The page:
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I have the following set of equations: $$ y = \alpha x + \epsilon $$ $$ z=\beta y + \mu $$ and $\epsilon$ is N(0,$\sigma_{1}^2$), $\mu$ is N(0,$\sigma_{2}^2$) and $x$ is N(0,1) and they are all independent from each other. I can easily find the distribution of $z|y$, $y$ and $z$. However, I could not find the distribution of $y|z$ and $y|x,z$. Do you have any ideas?

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up vote 1 down vote accepted

Introduce the shorthand $g(t,u)=\exp\left(-t/(2u)\right)$.

The density of the distribution of $y$ is proportional to $g(y^2,\alpha^2+\sigma_1^2)$. The density of $(y,\mu)$ is proportional to $g(y^2,\alpha^2+\sigma_1^2)\cdot g(\mu^2,\sigma_2^2)$. Since $\mu=z-\beta y$, the density of $(y,z)$ is proportional to $$ g(y^2,\alpha^2+\sigma_1^2)\cdot g((z-\beta y)^2,\sigma_2^2)=h(z)\cdot g((y-\nu z)^2,\tau^2), $$ for some constants $\nu$ and $\tau^2$ to be determined and some irrelevant function $h$. Hence $y$ conditionally on $z$ is normal with mean $\nu z$ and variance $\tau^2$.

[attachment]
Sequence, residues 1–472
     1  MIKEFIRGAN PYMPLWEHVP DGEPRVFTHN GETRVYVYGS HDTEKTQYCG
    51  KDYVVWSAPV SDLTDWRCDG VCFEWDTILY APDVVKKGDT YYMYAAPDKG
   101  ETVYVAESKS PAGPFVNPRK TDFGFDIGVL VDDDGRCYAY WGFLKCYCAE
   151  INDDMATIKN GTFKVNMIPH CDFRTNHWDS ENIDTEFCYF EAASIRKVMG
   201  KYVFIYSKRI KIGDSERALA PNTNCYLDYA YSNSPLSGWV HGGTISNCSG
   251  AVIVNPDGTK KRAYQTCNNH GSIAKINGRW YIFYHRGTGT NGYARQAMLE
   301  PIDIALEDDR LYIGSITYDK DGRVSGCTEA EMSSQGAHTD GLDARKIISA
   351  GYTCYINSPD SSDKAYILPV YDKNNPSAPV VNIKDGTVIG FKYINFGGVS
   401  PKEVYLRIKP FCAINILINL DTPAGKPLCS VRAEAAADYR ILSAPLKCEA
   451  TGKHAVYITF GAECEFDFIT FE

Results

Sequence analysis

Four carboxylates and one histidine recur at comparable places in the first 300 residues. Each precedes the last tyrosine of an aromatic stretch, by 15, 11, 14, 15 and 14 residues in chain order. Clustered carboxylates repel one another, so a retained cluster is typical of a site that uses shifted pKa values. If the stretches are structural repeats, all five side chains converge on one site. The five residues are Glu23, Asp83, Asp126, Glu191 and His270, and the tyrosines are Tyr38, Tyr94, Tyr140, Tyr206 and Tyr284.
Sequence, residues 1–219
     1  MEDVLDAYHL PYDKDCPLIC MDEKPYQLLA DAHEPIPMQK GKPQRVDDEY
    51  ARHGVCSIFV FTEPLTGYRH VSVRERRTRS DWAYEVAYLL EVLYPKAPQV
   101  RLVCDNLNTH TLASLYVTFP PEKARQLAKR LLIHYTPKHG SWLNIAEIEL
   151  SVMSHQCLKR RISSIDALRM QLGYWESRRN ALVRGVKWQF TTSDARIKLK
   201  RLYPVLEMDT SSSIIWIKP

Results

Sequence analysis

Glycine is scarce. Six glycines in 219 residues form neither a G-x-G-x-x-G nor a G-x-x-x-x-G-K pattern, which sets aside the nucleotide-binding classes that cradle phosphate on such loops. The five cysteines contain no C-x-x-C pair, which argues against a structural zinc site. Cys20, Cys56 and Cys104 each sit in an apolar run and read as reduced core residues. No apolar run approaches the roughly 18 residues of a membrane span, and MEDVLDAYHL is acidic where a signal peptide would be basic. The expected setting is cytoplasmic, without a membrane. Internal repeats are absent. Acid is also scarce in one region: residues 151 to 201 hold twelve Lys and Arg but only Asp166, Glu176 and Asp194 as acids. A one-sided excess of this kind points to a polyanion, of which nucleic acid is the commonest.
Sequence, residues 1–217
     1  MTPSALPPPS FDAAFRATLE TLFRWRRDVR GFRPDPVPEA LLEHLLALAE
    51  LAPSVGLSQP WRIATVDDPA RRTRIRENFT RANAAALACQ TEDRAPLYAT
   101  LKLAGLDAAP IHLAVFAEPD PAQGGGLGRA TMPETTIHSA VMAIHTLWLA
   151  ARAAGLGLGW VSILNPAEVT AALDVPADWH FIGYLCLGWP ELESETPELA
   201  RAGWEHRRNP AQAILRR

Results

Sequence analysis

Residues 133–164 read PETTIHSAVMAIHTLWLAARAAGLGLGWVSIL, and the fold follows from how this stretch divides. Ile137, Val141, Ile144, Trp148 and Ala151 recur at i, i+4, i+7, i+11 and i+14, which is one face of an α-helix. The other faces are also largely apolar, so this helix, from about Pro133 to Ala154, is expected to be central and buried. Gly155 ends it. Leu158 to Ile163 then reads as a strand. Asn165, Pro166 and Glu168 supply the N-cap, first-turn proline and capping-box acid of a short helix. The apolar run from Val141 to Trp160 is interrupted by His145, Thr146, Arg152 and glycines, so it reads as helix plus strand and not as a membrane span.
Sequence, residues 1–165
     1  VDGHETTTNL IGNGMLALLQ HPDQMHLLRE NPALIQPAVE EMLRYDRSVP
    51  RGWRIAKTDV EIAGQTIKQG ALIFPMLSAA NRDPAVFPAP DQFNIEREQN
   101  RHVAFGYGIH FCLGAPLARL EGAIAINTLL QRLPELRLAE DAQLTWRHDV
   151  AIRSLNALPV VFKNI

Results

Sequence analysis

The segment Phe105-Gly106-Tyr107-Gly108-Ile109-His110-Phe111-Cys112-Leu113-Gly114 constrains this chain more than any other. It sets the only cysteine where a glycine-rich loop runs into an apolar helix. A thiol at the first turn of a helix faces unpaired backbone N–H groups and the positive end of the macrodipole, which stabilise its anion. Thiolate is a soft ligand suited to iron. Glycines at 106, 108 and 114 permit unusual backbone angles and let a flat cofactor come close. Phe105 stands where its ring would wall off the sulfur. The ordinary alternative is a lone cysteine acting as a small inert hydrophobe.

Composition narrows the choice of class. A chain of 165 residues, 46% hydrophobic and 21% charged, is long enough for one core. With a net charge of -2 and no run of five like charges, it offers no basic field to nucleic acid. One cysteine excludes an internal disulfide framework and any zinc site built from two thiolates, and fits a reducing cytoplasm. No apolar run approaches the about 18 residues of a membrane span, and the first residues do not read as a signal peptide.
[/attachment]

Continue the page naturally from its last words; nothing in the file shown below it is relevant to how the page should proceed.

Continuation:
Algebraically, one must solve $$ \frac{y^2}{\alpha^2+\sigma_1^2}+\frac{(z-\beta y)^2}{\sigma_2^2}=\frac{(y-\nu z)^2}{\tau^2}+k(z), $$ for some function $k$ independent on $y$. This yields $$ \frac1{\tau^2}=\frac1{\alpha^2+\sigma_1^2}+\frac{\beta^2}{\sigma_2^2}, \qquad \frac{\nu}{\tau^2}=\frac{\beta}{\sigma_2^2}, $$ which determine uniquely $\nu$ and $\tau^2$.

The distribution of $y$ conditionally on $(x,z)$ can be computed by the same method.

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